Not only should their minds be brought to comprehend the usefulness of education but it should be borne in mind that their moral and physical capabilities should also be trained to keep pace with their mental attainments, and when sufficiently advanced to know right from wrong, then religious training should not in the least be neglected. For to give them a conception of God and heaven would partially initiate them into the mysteries of life, and a knowledge of justice, of reward, and of punishment, and their definitions, so that in time they would comprehend the why and wherefore of their existence.

Their physical condition should be looked after, and ways and means provided for them to learn the different branches of mechanism, art, printing, etc., that they may be able to work out an independence and build themselves up; and if means can be found for this purpose, those contributing thereto will in a few years see the benefits derived therefrom, in making this class a self-supporting citizen.

I am rather sorry, that so far I have heard, little or no interest has been taken thus far in relation to sending to the Deseret University. There have been several published statements concerning the facilities of this institution for their instruction. It is a matter of regret that more interest is not taken in this matter if not by the parents, at least the authorities in places wherever they may be found who should take initiative steps to send all such to this institution.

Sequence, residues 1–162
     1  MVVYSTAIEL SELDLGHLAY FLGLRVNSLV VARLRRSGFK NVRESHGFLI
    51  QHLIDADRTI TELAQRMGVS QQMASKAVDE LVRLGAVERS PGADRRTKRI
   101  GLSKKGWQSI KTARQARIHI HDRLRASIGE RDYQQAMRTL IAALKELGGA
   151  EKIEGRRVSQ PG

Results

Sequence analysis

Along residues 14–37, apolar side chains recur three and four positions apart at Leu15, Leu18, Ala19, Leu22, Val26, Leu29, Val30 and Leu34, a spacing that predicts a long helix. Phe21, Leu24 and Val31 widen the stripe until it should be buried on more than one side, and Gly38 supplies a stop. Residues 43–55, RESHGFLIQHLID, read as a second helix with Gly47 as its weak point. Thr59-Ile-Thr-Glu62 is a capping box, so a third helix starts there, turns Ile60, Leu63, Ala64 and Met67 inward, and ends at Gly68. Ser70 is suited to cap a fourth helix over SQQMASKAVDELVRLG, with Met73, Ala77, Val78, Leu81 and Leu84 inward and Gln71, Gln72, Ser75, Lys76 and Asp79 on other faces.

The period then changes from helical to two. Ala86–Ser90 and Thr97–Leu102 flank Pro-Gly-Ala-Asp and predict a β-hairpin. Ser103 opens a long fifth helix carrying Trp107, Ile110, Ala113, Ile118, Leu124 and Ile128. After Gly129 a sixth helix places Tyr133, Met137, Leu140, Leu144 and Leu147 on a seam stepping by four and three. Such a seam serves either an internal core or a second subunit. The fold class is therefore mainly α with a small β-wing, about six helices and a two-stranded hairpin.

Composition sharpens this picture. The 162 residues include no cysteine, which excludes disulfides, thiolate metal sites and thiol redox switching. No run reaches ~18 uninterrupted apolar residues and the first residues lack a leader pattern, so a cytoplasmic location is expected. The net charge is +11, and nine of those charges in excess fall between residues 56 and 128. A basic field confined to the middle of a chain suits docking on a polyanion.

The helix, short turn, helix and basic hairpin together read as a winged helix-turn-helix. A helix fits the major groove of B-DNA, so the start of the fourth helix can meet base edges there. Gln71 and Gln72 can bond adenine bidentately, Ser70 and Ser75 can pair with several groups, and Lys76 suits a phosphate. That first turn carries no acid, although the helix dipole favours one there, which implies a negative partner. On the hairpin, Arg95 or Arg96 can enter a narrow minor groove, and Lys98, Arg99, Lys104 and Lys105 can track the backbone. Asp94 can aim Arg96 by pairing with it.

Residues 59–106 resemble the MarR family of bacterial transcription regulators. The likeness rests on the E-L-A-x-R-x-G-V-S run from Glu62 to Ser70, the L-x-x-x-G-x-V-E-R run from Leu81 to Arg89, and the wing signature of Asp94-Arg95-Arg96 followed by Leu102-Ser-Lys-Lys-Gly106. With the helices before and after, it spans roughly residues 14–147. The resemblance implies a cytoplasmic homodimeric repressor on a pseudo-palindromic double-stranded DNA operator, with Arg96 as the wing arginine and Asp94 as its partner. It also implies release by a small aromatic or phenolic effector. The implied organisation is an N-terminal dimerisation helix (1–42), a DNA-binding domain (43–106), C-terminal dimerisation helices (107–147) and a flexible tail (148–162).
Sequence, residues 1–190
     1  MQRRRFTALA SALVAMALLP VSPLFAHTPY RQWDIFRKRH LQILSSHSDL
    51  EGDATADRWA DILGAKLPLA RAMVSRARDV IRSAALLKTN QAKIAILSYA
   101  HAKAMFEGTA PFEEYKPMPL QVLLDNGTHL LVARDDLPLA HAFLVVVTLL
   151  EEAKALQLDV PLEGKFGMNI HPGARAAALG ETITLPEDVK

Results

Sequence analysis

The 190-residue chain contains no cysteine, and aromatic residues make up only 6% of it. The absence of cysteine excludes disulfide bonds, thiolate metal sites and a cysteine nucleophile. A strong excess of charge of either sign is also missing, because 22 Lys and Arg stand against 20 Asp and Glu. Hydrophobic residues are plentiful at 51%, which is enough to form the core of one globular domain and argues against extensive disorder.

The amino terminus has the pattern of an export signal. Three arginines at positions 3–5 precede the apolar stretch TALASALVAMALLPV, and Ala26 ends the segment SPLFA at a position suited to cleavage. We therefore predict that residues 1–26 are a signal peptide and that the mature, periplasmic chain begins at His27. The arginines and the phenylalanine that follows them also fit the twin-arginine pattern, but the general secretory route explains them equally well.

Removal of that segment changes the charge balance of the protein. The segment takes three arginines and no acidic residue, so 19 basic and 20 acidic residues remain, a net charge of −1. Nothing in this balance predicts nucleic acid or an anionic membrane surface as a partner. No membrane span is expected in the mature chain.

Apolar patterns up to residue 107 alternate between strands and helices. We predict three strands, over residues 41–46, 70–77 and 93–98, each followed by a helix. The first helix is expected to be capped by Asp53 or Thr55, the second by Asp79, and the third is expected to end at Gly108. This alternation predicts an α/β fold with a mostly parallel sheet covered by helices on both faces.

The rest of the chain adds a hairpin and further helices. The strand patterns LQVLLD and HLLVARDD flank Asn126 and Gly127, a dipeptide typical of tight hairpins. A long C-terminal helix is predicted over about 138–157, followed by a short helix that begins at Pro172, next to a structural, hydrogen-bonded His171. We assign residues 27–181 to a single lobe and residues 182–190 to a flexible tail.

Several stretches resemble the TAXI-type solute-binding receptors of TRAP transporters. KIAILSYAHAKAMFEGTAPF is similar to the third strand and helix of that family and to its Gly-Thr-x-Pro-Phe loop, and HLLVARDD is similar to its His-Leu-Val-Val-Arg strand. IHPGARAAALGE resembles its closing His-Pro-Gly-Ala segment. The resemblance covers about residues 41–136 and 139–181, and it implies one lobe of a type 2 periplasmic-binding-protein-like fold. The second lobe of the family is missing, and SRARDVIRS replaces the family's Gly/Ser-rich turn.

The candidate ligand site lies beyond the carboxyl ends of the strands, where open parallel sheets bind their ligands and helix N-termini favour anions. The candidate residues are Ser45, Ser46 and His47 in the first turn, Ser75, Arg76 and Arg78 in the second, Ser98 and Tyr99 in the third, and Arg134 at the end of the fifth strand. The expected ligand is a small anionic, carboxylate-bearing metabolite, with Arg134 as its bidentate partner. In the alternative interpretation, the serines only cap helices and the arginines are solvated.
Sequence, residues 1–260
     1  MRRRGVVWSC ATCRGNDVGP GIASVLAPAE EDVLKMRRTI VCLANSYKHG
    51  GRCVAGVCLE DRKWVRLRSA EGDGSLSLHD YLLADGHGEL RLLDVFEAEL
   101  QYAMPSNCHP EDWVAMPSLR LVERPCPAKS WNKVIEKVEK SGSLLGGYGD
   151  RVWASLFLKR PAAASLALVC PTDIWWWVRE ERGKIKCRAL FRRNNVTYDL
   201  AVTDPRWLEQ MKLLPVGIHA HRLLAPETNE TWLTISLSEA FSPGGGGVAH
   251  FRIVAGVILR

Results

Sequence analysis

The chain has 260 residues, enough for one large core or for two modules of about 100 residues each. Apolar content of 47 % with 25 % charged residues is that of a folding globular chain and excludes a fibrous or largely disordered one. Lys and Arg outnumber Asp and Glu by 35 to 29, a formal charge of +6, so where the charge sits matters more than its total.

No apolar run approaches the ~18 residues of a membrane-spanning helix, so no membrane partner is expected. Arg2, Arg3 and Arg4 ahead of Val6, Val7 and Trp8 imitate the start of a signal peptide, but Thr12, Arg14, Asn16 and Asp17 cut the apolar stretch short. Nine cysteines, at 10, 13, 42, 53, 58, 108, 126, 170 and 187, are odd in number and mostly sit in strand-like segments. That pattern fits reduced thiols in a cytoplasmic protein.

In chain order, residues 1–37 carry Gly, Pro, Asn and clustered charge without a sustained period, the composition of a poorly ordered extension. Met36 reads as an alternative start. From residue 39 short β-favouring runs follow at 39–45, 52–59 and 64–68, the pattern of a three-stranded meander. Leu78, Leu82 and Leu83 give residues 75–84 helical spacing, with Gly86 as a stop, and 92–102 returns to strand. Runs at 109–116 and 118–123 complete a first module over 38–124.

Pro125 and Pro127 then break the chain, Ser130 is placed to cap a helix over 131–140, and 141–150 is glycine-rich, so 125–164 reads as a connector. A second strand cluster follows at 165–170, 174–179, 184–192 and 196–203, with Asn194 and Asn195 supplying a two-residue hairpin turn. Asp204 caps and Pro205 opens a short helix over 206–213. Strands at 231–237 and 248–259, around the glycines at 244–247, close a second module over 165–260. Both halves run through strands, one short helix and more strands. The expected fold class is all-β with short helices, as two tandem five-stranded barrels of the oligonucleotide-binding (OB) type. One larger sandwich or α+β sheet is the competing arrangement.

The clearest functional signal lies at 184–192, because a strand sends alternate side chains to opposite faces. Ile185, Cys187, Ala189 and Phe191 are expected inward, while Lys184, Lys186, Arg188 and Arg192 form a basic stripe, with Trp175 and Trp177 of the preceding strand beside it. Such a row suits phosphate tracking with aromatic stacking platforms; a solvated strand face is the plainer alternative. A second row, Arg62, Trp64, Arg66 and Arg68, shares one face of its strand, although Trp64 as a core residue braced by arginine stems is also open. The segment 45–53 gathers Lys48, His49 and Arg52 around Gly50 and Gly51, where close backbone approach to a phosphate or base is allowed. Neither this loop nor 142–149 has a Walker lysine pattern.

There is one feature in the case of those who are able to talk but are deaf, which I will give a passing notice. Naturally a stranger seeing of this class talking on the street or in a crowded thoroughfare, will be attracted by the facial expressions and peculiar signs and contortions made by them. This is their mode of expression and they cannot very well help it. It subjects them to the stare of the passerby and the yare very sensitive to ridicule.

But ridicule in this connection is apt to turn on the other party, as illustrated in an incident that came under my notice. A gentleman at a dinner who was sitting opposite a deaf person, wished to communicate with him. He did so by the medium of signs and facial expression, while forming words on the mouth. His appearance was so ridiculous that an old lady who observed him, not knowing the situation, turning to her next neighbor, said: “Look at that person. He must be very sick, by his actions, or he has the stomach ache!”

Mothers, fathers and guardians, let not a false love on your part make you choose to cling to your children in ignorance, rather than give them up, even temporarily into the care of the University to be educated; deprive them not of the few pleasures to which they may attain so they will be able to appreciate and enjoy the blessings of life.

Let means be devised in every county of the Territory to send them to this place of instruction, and let the people be awakened to the necessity of doing something to lift them out of ignorance and degradation and they will not regret such action.

Laron Pratt

[Journal History of the Church of Jesus Christ of Latter-day Saints, Jun. 22, 1884, 2]
[Deseret News, Jun. 23, 1884]

[transcribed and proofread by David Grow, Apr. 2006]